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  • Writer's pictureSarica Robyn

Virtual Reality and the Future for Design

The phenomenon of Virtual Reality is taking the tech world by storm. In the last month alone, Facebook revealed a new virtual reality headset, Oculus Go, competing against Daydream View by Google and Samsung Gear. The ‘World’s first VR Cinema’ in Amsterdam continues to screen VR films and companies are increasingly utilising Oculus technology to create 360° online platforms.

Then, on 7th October 2017, The Guardian posted a video called The Party, a VR film in which a viewer can ‘experience’ autism through the eyes of an autistic girl named Layla. The setting is a surprise birthday party in which the viewer experiences how Layla is challenged by her environment, providing insight into the difficulties of everyday life for those suffering from autism.

This VR film is one of many new ventures that offers a first-person experience of reality –another step in the direction of technology harnessing the power of embodied presence. Indeed, such technology can spell a radical new future for ethnographic work by capturing social relations of identity, gender and self through the eyes of the subject.

A salient example of such work is the VR film, Notes for my Father, that documents the narrative of an Indian female human-trafficking survivor. The film includes scenes in which the viewer feels objectified by a male gaze when positioned in a train carriage with only male passengers. Due to the immersive sensory first-person perspective of the film, the viewer experiences the male gaze and the associated sexism, misogyny and objectification felt by the female protagonist as if the viewer were the protagonist herself.

Extensive work has been conducted on the gaze in Western discourse from Sartre to Foucault, particularly the way in which it has been imbued with relations of power that emphasise the dichotomy between the observer and the observed. A specific example is Mulvey’s (1972) work that explores the ‘male gaze’ towards women by male spectators in film, noting how patriarchy is embodied within the act of looking.

Yet, VR films go decidedly further than theorisation on the gaze. The ability to embody the female experience and literally step into the shoes of a woman in a VR film is arguably unparalleled by any other medium. These films offer a powerful resource for those seeking to capture the experiences of their subjects within sociocultural contexts.

Immersive experience and the future for design

There is considerable overlap between ethnographic work and design research and accordingly, the importance of VR for design is highly relevant. Akin to the ethnographic methods by which anthropologists investigate why certain aspects of a society are meaningful for its members, designers observe people’s experiences in the real world to gain insight into consumer needs that form the basis of design projects.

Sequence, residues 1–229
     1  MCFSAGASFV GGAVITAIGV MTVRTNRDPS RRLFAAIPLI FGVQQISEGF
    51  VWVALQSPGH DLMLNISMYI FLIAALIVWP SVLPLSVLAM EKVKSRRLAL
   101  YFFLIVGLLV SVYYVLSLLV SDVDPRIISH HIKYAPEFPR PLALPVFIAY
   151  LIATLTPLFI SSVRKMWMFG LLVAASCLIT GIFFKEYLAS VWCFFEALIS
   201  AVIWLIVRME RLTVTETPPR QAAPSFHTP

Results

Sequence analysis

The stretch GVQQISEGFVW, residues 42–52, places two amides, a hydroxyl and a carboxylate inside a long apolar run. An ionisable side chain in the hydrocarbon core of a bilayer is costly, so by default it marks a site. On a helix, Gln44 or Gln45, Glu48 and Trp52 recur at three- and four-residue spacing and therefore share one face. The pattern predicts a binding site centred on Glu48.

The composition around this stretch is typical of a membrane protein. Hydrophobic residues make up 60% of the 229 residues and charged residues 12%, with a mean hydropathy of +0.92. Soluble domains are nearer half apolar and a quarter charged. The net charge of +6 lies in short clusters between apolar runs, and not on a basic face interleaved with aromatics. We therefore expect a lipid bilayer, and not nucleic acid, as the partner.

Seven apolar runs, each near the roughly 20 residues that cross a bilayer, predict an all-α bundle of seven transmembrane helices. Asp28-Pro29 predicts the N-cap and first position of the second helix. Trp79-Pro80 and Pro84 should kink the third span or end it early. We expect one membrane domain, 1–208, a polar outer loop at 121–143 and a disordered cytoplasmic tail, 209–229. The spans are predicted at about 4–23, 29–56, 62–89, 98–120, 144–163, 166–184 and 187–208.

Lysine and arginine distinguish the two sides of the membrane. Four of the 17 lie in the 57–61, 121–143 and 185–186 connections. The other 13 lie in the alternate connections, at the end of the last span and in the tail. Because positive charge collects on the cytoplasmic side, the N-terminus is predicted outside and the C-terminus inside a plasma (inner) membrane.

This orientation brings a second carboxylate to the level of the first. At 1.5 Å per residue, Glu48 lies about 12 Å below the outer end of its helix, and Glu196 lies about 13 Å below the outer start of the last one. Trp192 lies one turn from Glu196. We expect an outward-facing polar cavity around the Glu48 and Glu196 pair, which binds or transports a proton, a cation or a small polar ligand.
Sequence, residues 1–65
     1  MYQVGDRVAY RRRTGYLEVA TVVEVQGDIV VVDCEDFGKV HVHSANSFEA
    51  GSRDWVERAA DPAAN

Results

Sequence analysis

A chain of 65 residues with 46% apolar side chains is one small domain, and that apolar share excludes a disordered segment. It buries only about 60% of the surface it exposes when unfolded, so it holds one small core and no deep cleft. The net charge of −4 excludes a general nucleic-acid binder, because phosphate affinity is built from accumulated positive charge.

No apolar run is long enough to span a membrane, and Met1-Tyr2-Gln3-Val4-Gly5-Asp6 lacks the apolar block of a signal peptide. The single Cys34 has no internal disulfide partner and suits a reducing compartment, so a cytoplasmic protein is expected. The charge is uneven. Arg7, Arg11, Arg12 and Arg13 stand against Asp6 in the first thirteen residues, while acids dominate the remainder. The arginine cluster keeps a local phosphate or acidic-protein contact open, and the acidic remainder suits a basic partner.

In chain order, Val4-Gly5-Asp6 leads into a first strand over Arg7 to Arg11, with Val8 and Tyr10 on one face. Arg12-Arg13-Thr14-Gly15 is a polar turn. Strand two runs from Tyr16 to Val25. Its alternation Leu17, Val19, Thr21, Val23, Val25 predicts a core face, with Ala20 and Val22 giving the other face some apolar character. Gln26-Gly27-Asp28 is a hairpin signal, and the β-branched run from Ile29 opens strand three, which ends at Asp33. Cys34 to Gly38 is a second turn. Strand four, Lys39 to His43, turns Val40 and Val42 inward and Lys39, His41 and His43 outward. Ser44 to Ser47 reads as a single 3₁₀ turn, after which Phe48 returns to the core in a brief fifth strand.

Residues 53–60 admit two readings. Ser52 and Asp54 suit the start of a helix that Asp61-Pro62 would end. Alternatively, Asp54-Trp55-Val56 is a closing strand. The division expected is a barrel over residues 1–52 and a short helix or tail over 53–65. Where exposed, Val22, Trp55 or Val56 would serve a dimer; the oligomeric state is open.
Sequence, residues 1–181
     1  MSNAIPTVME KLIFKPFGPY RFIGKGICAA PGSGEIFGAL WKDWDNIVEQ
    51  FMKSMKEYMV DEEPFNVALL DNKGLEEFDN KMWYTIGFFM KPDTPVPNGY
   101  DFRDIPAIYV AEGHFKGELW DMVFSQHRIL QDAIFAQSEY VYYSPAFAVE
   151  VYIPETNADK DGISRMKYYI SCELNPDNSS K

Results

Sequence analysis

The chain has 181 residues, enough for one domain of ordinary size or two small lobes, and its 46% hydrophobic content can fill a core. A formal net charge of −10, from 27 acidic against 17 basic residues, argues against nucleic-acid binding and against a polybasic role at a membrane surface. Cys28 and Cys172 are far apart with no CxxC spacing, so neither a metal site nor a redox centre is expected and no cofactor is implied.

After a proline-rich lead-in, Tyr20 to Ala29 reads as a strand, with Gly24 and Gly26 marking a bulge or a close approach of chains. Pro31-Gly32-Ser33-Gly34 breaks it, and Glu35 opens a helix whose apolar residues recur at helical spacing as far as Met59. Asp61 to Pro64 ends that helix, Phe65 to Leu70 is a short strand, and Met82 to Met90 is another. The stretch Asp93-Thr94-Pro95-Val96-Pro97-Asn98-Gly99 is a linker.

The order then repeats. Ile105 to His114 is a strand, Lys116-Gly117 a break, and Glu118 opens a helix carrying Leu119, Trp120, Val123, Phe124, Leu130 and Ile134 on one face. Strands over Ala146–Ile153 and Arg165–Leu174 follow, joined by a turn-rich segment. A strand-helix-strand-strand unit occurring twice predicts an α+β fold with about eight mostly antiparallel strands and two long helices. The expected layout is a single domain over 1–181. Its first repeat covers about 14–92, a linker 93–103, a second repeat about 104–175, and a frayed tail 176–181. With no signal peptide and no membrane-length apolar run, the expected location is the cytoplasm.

Indeed, VR technology can harness design thinking and innovative methods in such a way that designers can create narratives based on a deep understanding of their audience.

VR can offer designers emotionally engaging tools that bring to life key insights through which one can understand user perspectives. Just as Notes for my Father harnessed the ability to embody the female experience, design companies can utilise VR to truly understand consumer desires and correspondingly, build empathy towards their audience.

At a recent visit to London’s Design Museum, I was particularly struck by a mug designed for a person suffering from Parkinson’s Disease. Unlike normal crockery, this mug had a rotating handle such that even if its user’s hand shook, the mug itself would remain stable and the liquid inside would not spill over.

Virtual reality experiences can hence grant designers unique insights into the way in which consumers interact with things in their natural environment.

The company Foolproof, for instance, has recently detailed its use of immersive content in a case study with Suzuki in which it created an online consumer experience where visual stimuli were utilised, such as 360° images of each bike. By showcasing the bikes from every angle, customers were granted an immersive online experience. Research at Foolproof also found that ‘emotions plays an important part in the bike buying process’ (Foolproof, 2017). Accordingly, their immersive content effectively integrated consumer insights with design research.

Immersive content and VR can spell a new era for design research and yield new consumer insights. The more we pay attention to this new phenomenon, the more we can truly understand our audience.

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